YESTERDAY’S head “Mocha, Roque not interested in seeking Senate posts” illustrates how tricky it sometimes is to write a headline that faithfully tells the full story within the cramped space allotted for a one-liner.
Mocha is, of course, Presidential Communications Assistant Secretary Mocha Uson, and Roque is presidential spokesman Harry Roque. They have been mentioned by Speaker Pantaleon Alvarez as being considered for inclusion in the ruling PDP-Laban party’s senatorial slate in 2019.
Most discerning readers, we assume, know that the head does not tell the whole story. It is obvious that, having basked in the limelight, the two staunch defenders of President Rodrigo Duterte are titillated by the thought of becoming senators.
As frontline Palace performers, the high-profile duo could ride on Duterte’s still-wide following and win in the 2019 senatorial election. Whoever the strongman endorses now is a likely winner. (Beyond the 2019 midterm hump is something else.)
Philippine elections are just popularity contests run by machines fueled by tons of money. Platforms, fitness for office, integrity and all those lofty concepts are irrelevant on the ground. As the record shows, even jokers with nary a clue of what legislation entails could become senators.
While the news head said Mocha and Roque were not interested, the body of the story showed that, indeed, they were. The same “kunwari ayaw” (feigning lack of interest) pretense was used by Duterte in 2015 before he announced later in the game his true presidential intent.
Mocha claimed that she “currently doesn’t have plans” of running – her only intention, she said, was “to help the administration serve the nation” – but added that if the President told her to run, she would. Just keep blogging, Tatay Digong’s marching order would come soon enough.
In his spiel, Roque explained his alleged reluctance by pleading he did not have the money for a campaign (which some estimates placed at P500 million). That was loud and clear enough a notice for the usual capitalists/bettors to hurry with the mobilization funds.
Lest they be forgotten, btw, other administration senatorial nominees mentioned were: Rep. Karlo Nograles (Davao City), Rep. Alfredo Abelardo Benitez (Negros Occidental), Rep. Geraldine Roman (Bataan) and former Metropolitan Manila Development Authority chairman Francis Tolentino.
It is interesting that Senate President Koko PImentel, head of the PDP-Laban and a reelectionist, was not mentioned by his counterpart in the House.
• Floirendos’ pioneering in Davao traced
BACK in Davao, Alvarez seems to have found in securing a better deal for the government for the use of the now-developed farmlands of the Bureau of Corrections an opening to get back at Davao del Norte Rep. Antonio Floirendo Jr. over personal matters known only to them.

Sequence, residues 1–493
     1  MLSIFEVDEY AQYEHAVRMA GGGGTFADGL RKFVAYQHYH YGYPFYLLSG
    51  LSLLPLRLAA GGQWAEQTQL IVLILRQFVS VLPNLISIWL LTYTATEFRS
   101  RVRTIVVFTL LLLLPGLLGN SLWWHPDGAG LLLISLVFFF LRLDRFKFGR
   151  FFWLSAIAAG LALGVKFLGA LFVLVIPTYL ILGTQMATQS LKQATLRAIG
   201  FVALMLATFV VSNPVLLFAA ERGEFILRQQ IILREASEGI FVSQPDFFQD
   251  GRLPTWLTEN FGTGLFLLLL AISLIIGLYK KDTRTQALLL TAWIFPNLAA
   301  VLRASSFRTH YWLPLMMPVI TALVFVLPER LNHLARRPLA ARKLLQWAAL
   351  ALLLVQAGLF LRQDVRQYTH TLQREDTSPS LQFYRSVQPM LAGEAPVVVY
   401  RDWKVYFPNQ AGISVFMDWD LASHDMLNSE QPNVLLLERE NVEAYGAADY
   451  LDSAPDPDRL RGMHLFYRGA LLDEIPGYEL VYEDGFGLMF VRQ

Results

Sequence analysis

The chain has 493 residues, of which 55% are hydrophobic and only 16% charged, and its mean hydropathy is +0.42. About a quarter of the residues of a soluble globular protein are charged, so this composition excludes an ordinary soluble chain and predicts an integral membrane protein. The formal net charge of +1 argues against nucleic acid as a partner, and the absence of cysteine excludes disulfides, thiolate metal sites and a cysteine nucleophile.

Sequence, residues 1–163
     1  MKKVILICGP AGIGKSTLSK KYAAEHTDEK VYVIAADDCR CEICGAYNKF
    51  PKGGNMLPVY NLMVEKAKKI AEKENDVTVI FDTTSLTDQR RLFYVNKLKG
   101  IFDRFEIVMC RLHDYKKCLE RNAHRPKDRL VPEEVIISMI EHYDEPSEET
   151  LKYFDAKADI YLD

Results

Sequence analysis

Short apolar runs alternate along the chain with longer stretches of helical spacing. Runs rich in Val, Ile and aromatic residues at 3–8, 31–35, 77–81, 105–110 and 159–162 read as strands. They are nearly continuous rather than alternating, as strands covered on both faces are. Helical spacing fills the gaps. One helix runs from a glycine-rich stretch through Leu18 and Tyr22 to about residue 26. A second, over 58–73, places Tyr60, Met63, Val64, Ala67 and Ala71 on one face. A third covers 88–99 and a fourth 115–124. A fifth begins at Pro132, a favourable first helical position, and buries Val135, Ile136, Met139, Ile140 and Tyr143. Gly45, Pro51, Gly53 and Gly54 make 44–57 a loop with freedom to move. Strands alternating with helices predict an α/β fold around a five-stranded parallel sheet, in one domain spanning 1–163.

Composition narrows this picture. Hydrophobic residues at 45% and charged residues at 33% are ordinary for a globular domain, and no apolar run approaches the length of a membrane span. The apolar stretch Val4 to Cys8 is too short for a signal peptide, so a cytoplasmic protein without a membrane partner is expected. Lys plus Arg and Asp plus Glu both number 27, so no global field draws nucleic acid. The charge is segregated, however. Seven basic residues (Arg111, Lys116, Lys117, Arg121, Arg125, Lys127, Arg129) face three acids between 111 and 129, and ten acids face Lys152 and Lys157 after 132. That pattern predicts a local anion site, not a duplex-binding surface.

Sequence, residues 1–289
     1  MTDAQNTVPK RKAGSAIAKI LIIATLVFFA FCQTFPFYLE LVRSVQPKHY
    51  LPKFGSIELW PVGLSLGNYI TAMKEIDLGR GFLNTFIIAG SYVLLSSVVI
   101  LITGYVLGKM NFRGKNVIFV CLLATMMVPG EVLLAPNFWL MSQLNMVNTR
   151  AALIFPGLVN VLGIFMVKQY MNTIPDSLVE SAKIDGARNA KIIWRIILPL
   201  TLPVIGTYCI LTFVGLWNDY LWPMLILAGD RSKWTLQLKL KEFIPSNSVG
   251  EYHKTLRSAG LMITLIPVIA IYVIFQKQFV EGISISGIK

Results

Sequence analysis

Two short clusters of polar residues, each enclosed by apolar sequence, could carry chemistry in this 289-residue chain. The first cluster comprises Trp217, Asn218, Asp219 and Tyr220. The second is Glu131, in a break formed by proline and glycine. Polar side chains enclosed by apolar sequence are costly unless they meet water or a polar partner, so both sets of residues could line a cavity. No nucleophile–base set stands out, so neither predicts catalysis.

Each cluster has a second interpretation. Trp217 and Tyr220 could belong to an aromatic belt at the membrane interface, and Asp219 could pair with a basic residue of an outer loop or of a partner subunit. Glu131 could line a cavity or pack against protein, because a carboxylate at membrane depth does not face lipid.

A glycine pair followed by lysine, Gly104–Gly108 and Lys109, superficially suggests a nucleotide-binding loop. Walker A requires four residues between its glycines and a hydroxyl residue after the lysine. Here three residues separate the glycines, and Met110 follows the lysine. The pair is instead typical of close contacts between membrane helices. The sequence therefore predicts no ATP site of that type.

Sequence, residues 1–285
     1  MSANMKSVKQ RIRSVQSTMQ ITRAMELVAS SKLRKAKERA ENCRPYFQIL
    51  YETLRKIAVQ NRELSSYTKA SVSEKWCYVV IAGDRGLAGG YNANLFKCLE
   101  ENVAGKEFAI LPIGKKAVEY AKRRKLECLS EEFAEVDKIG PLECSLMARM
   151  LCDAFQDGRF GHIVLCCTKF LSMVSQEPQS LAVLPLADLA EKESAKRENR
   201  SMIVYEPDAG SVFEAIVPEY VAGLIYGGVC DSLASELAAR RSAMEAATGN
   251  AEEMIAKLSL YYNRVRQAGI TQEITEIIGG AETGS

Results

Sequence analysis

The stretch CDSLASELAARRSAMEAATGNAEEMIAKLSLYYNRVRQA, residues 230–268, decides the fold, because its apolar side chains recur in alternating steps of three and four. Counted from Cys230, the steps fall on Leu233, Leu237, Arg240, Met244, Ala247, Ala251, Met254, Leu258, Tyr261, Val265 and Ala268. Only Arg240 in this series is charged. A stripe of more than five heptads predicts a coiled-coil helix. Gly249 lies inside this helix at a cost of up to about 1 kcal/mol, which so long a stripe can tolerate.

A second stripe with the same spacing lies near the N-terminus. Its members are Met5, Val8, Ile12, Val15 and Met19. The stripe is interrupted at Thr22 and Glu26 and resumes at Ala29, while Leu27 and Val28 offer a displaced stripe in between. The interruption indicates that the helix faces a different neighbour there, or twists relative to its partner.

Taxpayers’ money and legislative time are being wasted on another House inquiry harassing the Floirendos, who Alvarez claims built their fortunes on their 1969 joint venture agreement with the Davao Penal Colony.
It was in the pre-martial law Senate, which we covered for the old Manila Times, where we first heard of the original “banana king” — Don Antonio Floirendo Sr., a mining engineer who started out as a merchant in Divisoria and prospered way before World War II and beyond.
With the government moving to develop post-war Mindanao, Floirendo tried his hand in Davao together with his wife and a brother-in-law. He became in 1947 the exclusive Ford dealer there with his Mindanao Motors Corp. in Cagayan de Oro, the first vehicle distributor on the island. He opened the Davao Motor Sales (Damosa) in 1948 — 10 years before Alvarez was born.
Don Antonio supplied Ford vehicles of all types so that virtually all private vehicles running in Mindanao at that time were from his dealership. He was acknowledged as the man who put Mindanao “on wheels.”
In 1950, Don Antonio bought 60 hectares of land in Marapangi, Toril, in Davao City, where he put up the Nenita Stock Farms with an initial 25,000 head of swine, then the biggest hog farm in Asia. He complemented this with Triple A abattoir, Asia’s most modern slaughterhouse back then.
That same year, he founded the Tagum Agricultural Development Co. Inc. (Tadeco), which Fortunemagazine described then as the most modern abaca farm in Davao and the biggest abaca plantation in the world.
The Bureau of Prisons in the Davao Penal Colony (Dapecol) then entered into an agreement with Tadeco for the government agency to take charge of the farming of abaca in their 200-hectare land. Tadeco was among the companies frequently visited by presidents and cited as one of Mindanao’s iconic companies.
President Elpidio Quirino signed Proclamation 247 on April 2, 1951, allocating 1,023.8574 hectares of Dapecol land to Tadeco. Continuing to move forward, Don Antonio opened on March 18, 1953, the Panabo Hemp Co. Inc.
We are recalling these facts to show from what we know from way back that even before the elder Floirendo founded Tadeco, the pioneering family already owned and operated billions of pesos worth of assets in real property, business establishments, heavy equipment, and investment funds.
It does not seem fair to make it appear that the Floirendos just stumbled upon riches in Mindanao, then spotted and grabbed land of the Davao Penal Colony from the Bureau of Corrections.
If the terms of their contracts with the government need adjustment to suit present realities, then they should be renegotiated — instead of somebody creating a political spectacle smeared with personal issues.